Team:Arizona State/Magainin


Pathogenic Cell Surface Biosensor


Current methods of water-borne pathogen detection require expensive equipment that often isn't modular or accessible to developing countries. Thus, current sensors are limited to specific bacterial strains or are too broad and produce false positive tests. One of the projects this year's ASU iGEM undertook was building a split-enzyme engineered fusion protein consisting of the Magainin peptide and the split alpha and omega fragments of beta-galactosidase.


Magainins[1] are a class of proteins found in the skin of Xenopus laevis[2] - the African clawed frog - that contain antimicrobial properties. Both Magainin 1 and 2 are closely related peptides that each contain 23 amino acids and only differ by two amino acid substitutions. These two peptides have broad spectrum antimicrobial activity, including: gram-positive and gram-negative bacteria, viruses, protozoa, yeasts and fungi, and are hemolytic and cytotoxic to cancer cells[3]. The mechanism for antimicrobial activity in Magainin 1 and 2 involves the disruption the plasma membranes of target cells via electrostatic interactions between the negatively charged phospholipid bilayer and the positively-charged amino-terminus of the Magainin peptide.

Functionally, this interaction allowed us to take advantage of the electrostatic interaction between the Magainin-1 peptide and the lipid bilayer of bacteria to design a bacterial biosensor that confers a signal based on the binding of multiple Magainin peptides to a bacterial membrane (Figure A).

Biosensor Design Concept

Figure A depicts the Magainin-Linker-Split Beta-galactosidase biosensor design concept. In close proximity, the two subunits of beta-galactosidase, Alpha and Omega, interact to form a complete, fully-functional unit. Because Magainin peptides congregate and form a toroidal pore[4] when binding to the membranes of bacteria, the close proximity of the linked split beta-galactosidase units can be achieved. Previous research indicates that this reporter system can be applied to mammalian cell detection with different ligands in close proximity. The novel approach of this project involves linking Magainin to the beta-galactosidase reporter system to detect pathogenic bacteria. The benefit of this system is its modularity. The magainin peptide can be switched out with other antimicrobial peptides - which may have better binding affinities to other bacterial strains - via BioBrick assembly, creating a system that can be engineered to potentially detect any bacterial strain.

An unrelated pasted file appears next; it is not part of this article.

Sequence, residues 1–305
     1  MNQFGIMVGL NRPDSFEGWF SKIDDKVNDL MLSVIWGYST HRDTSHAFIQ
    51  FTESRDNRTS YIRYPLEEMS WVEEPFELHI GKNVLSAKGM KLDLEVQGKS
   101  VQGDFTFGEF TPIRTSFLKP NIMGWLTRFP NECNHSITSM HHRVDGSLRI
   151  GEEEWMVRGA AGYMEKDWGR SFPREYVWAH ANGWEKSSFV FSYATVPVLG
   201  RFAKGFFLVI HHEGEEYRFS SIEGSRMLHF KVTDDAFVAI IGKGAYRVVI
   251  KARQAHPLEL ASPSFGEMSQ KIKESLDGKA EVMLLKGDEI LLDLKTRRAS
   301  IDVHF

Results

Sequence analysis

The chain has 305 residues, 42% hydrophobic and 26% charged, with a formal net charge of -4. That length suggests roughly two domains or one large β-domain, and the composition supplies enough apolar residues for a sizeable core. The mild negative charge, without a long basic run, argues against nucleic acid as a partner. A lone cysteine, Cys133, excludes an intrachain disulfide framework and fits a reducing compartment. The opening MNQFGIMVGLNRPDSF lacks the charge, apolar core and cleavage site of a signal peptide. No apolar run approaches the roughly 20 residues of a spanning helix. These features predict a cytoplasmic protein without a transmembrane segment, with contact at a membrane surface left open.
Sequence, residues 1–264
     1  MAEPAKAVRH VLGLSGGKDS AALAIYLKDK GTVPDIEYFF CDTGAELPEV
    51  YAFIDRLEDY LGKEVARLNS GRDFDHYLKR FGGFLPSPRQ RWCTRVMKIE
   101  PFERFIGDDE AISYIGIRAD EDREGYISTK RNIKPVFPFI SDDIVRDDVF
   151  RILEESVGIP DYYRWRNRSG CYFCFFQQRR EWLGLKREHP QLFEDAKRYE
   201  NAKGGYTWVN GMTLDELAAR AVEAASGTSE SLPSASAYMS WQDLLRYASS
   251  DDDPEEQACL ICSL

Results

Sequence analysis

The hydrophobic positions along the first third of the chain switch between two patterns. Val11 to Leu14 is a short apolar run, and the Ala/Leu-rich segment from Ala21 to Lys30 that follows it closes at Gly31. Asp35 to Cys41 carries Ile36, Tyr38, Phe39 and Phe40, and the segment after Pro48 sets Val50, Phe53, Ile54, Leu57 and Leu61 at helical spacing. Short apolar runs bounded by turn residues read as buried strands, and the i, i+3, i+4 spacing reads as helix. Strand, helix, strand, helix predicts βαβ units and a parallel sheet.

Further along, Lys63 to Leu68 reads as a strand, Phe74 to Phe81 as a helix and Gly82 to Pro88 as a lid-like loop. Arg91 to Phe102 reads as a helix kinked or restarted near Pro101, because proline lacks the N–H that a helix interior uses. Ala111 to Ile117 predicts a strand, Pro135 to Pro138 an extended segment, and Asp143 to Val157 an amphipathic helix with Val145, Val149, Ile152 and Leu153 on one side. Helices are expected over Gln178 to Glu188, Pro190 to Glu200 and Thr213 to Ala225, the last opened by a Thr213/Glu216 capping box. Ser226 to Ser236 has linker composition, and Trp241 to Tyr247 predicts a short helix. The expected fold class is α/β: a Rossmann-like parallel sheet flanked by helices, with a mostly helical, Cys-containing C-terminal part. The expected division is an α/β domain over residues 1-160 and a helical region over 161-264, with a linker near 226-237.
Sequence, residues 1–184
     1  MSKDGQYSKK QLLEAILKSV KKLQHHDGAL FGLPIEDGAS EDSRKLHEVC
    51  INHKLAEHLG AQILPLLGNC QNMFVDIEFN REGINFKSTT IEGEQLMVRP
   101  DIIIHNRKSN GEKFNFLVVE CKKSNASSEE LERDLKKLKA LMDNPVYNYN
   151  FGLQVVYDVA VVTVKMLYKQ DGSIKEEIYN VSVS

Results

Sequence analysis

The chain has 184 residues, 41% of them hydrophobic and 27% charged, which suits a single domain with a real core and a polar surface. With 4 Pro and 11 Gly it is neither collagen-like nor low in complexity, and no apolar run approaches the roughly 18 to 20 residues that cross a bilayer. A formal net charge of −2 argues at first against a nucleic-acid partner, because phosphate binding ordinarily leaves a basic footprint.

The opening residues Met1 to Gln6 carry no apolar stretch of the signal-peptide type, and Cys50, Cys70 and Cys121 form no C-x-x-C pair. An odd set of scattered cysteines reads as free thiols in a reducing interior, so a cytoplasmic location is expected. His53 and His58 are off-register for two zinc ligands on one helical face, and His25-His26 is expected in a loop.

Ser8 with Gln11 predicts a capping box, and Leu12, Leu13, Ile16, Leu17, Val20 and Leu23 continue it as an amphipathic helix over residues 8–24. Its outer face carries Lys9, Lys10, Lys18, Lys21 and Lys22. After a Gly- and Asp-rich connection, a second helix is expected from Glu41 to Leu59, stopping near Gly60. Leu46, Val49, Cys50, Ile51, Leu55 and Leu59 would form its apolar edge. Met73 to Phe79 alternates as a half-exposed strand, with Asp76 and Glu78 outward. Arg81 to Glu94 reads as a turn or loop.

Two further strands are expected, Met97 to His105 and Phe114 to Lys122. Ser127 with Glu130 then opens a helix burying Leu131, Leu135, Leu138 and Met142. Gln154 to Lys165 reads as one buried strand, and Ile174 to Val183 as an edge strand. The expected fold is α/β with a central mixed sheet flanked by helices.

Results & Progress Map

Project progress has been completed up to cloning in the pET29 expression vector. Three of the four fragments of the split beta-galactosidase - omega, alpha-1, and 1-omega - have been isolated from the beta-galactosidase plasmid (shown below). Alpha-1 and 1-Omega, which have been isolated, complement each other to create a functional beta-galactosidase unit. Transformation of the alpha fragment in BL21(DE3) strains naturally coding for the Omega fragment have shown complementation in vivo, indicating that the split beta-galactosidase reporter system functioned as desired.

Expression of the full Magainin-Linker-Bgal construct in BL21(DE3) strains will continue post-Regional jamboree.